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Chapter 15. JavaBeans

The JavaBeans API provides a framework for defining reusable, embeddable, modular software components. The JavaBeans specification includes the following definition of a bean: "a reusable software component that can be manipulated visually in a builder tool." As you can see, this is a rather loose definition; beans can take a variety of forms. At the simplest level, individual GUI components are all beans, while at a much higher level, an embeddable spreadsheet application might also function as a bean. Most beans, however, probably fall somewhere between these two extremes.

Note that the definition of a Java bean explicitly supposes the existence of a visual GUI builder tool. In this chapter, we'll use the term "beanbox" to refer to any such tool. The name is from an obsolete JavaBeans demonstration tool shipped by Sun with the early releases of JavaBeans. A new tool, called "Bean Builder," has replaced the beanbox, and you can download it from http://java.sun.com/products/javabeans if you do not already have a bean-enabled development environment.

One of the goals of the JavaBeans model is interoperability with similar component frameworks. So, for example, a native Windows program can, with an appropriate bridge or wrapper object, use a Java bean as if it were a COM or ActiveX component. The details of this sort of interoperability are beyond the scope of this chapter, however.

Beans can be used at three levels, by three different categories of programmers:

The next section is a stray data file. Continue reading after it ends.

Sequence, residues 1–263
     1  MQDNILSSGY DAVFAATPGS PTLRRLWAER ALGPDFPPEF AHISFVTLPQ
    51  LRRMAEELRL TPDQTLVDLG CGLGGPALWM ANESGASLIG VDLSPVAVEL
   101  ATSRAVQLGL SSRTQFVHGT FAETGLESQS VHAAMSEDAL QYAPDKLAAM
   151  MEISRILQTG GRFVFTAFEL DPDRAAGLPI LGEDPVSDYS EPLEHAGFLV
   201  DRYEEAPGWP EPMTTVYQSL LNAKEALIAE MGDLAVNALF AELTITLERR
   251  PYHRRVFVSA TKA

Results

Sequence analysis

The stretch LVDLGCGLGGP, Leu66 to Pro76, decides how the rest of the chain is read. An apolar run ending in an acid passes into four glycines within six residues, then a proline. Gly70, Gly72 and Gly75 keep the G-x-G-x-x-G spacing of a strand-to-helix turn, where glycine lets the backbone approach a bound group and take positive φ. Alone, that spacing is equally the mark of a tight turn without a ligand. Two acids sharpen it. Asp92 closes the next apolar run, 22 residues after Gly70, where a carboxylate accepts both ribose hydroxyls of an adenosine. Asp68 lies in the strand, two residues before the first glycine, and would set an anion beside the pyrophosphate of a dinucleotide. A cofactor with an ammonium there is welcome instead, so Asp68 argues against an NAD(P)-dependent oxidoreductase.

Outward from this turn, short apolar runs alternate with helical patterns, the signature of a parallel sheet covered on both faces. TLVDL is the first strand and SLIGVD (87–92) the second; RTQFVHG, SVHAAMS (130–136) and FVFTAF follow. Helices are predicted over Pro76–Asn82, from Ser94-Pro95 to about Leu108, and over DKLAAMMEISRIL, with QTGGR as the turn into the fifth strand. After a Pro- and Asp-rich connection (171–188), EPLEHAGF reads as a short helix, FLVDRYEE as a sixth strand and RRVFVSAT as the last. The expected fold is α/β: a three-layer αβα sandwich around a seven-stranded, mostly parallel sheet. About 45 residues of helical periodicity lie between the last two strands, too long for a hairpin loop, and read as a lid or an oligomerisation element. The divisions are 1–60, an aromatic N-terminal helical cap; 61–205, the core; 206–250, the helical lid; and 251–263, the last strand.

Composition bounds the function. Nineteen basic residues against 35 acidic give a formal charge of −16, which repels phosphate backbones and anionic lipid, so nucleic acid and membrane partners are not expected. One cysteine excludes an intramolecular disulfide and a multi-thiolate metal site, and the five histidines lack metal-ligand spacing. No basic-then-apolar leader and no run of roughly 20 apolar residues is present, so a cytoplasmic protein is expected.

• If you are writing applications that use beans developed by other programmers (perhaps using a beanbox visual development tool to combine those beans into an application), you don't actually need to be familiar with the JavaBeans API. You only need to know how to use your beanbox and be familiar with the documentation for specific beans that you use.

  • If you are writing actual beans, you need to be familiar with JavaBeans naming conventions, so that you can follow those conventions when designing your bean's API. You may also use the java.beans API to create auxiliary classes that integrate it more tightly into beanboxes.

  • If you are developing GUI editors, application builders, or other "beanbox" tools, you need the JavaBeans API to manipulate beans within these tools. Note that the ShowBean program of Example 11-30 was a simple kind of beanbox.

This chapter explains how to use the JavaBeans API at the second and third levels: how to write beans and their auxiliary classes, and how to write programs that manipulate beans. The emphasis is on writing beans, but Example 15-10 shows the Bean class, which implements the inner workings for the ShowBean beanbox of Chapter 11. Contents of this chapter include:

  • Basic bean concepts and terminology

  • Requirements for the simplest beans

  • Packaging beans in JAR files

  • Providing additional information about beans with the BeanInfo class

  • Defining property editors to allow custom editing of bean properties

  • Defining bean customizers to allow customization of an entire bean

  • Instantiating beans, introspecting on them, using property editors to convert property values to and from strings, and using Java reflection to set named properties and invoke named methods

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